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Nokia E65 review: Nokia E65

Nokia has managed to cram a heck of a lot of features into a stylish handset that's just 16mm thick -- the E65 boasts Bluetooth and Wi-Fi, a 2-megapixel camera, a music player and a well-designed keypad, and that's just for starters

Andrew Lim
5 min read

The E65 is a slim, stylish smart phone that manages to combine some of the best features available on mobile phones without piling on the pounds. From the design of the keypad to the fast Wi-Fi connectivity, this phone handles work and play well.


Nokia E65

The Good

Slim design; easy-to-use keypad; 3G and Wi-Fi connectivity; battery life; Web browser.

The Bad

Lack of autofocus and flash on the 2-megapixel camera.

The Bottom Line

This is one of our favourite Nokia smart phones so far. It's slim, it looks good and the keypad is easy to use. Our main niggle is that the camera can take blurry pictures and doesn't work well in low light. But add the Wi-Fi and decent battery life and you've got a winner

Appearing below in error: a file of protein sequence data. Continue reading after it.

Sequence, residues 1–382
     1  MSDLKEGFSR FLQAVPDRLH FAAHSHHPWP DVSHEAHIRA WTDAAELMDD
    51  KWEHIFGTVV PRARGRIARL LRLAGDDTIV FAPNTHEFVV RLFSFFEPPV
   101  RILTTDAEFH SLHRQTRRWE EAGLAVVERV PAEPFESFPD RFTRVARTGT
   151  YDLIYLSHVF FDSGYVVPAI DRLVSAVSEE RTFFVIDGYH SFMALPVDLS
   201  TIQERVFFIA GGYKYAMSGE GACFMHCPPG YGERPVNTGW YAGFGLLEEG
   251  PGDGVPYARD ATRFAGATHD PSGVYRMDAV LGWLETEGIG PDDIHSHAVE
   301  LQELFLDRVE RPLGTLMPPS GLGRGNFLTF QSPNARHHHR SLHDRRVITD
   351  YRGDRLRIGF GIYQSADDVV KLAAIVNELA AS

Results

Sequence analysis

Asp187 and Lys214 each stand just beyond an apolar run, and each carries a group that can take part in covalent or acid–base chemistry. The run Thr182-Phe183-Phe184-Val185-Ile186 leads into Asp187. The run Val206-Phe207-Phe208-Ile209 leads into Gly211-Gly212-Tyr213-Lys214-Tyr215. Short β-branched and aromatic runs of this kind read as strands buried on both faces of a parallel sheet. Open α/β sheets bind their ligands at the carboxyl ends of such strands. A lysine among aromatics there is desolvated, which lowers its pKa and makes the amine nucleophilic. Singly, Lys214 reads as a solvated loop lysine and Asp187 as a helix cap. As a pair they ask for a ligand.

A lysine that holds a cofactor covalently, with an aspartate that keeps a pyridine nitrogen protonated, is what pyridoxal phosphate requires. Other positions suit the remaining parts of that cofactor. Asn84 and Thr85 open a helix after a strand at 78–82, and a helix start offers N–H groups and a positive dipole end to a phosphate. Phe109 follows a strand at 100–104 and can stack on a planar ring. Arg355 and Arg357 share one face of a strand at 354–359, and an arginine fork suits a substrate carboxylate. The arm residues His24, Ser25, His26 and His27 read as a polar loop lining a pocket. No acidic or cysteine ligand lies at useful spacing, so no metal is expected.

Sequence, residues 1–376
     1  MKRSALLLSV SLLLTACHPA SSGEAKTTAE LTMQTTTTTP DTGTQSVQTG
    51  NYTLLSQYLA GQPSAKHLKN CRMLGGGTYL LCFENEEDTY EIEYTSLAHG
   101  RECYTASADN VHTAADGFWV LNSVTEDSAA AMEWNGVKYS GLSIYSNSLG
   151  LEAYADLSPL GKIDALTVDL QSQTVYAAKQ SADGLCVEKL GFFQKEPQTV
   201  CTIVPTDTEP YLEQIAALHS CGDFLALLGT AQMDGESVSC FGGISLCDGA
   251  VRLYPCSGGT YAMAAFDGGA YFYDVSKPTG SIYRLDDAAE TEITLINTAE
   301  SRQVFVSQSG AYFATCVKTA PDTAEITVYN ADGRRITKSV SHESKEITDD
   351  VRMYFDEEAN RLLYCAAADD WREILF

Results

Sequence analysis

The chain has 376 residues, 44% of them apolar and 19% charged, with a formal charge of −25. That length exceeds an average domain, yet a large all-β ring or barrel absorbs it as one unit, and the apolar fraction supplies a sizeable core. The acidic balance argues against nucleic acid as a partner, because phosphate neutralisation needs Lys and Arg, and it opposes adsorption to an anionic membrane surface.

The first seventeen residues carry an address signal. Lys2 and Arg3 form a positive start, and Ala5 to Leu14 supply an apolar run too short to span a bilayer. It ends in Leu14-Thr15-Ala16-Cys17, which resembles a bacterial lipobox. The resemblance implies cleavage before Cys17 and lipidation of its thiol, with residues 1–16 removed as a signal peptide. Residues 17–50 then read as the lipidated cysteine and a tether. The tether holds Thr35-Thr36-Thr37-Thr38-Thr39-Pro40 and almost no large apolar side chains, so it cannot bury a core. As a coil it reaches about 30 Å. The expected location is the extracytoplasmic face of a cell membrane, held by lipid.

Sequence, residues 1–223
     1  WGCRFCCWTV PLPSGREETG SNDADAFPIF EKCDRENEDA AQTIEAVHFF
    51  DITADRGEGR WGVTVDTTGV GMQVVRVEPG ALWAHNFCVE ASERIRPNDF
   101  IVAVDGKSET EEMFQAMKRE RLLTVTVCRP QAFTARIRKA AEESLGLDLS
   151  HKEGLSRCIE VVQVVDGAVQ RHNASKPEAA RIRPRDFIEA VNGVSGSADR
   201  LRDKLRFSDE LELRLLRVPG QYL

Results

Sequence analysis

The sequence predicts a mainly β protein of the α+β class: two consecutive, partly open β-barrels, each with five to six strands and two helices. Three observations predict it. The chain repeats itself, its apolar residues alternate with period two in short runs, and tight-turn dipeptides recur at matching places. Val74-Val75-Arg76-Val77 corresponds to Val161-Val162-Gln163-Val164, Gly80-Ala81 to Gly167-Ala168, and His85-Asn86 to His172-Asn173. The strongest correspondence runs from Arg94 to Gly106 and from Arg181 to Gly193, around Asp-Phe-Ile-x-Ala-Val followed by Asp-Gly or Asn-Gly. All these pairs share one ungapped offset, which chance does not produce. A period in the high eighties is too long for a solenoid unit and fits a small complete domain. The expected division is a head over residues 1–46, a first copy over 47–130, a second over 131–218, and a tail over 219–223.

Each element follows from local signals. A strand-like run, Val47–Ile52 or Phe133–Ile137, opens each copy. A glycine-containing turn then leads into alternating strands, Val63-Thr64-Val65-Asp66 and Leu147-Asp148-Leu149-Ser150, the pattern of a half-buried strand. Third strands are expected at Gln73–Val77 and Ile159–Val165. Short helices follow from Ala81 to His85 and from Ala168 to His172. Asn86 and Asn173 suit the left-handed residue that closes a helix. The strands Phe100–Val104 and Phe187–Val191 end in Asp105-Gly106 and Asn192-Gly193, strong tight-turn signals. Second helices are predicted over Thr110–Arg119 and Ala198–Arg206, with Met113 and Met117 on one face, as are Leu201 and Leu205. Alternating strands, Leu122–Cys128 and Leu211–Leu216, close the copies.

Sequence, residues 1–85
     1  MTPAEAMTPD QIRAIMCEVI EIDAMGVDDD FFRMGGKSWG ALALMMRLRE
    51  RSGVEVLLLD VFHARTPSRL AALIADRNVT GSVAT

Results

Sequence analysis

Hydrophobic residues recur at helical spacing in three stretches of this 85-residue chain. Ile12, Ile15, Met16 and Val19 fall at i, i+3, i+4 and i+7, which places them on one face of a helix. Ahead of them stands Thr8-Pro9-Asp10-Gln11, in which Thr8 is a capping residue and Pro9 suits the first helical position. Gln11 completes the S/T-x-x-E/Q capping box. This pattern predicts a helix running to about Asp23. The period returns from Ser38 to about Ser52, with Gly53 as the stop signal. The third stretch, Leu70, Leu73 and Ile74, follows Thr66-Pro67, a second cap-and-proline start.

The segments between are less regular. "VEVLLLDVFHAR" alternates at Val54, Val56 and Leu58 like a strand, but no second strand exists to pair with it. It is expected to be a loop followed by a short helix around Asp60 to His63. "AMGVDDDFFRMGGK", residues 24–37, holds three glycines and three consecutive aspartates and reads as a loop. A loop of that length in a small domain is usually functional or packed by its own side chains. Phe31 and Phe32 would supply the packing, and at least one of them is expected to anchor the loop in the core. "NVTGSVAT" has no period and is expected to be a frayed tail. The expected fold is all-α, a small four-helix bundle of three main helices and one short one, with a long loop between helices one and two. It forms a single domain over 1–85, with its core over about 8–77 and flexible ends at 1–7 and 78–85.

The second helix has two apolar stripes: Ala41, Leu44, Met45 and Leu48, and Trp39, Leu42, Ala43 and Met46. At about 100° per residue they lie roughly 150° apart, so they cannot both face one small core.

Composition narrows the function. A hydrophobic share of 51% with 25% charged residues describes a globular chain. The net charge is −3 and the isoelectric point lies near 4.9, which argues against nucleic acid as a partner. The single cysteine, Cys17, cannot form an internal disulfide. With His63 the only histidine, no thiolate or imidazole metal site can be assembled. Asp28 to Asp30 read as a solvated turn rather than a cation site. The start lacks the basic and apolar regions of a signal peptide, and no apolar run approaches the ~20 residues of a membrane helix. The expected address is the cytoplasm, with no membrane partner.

If you're looking for a phone that combines form with functionality then the E65 is definitely worth considering. It's currently available for free on a monthly contract from several network operators and for about £300 SIM-free.

In the past, unlike the majority of its competitors, Nokia never seemed that bothered about making really thin phones. While other mobile phone manufacturers put their line-ups on the Atkins diet, Nokia seemed happy to keep producing relatively chunky handsets.

But like a teenager caught up in the fickle world of style magazines, Nokia is rapidly becoming aware of its love handles and is starting to produce thinner and more stylish mobiles, like this one, which is only 16mm thick.

The Nokia E65 is slim and feels comfortable in a trouser pocket

The E65 a stylish slider phone that wouldn't look out of place inside a Jaguar X-Type. It has a bright colour screen that's surrounded by an attractive silver frame.

Underneath the screen there's a set of soft keys and a four-way navigation key, which makes accessing different parts of the menu easy and fast. The spring-loaded slide mechanism that pops the E65 open is smooth and feels solid.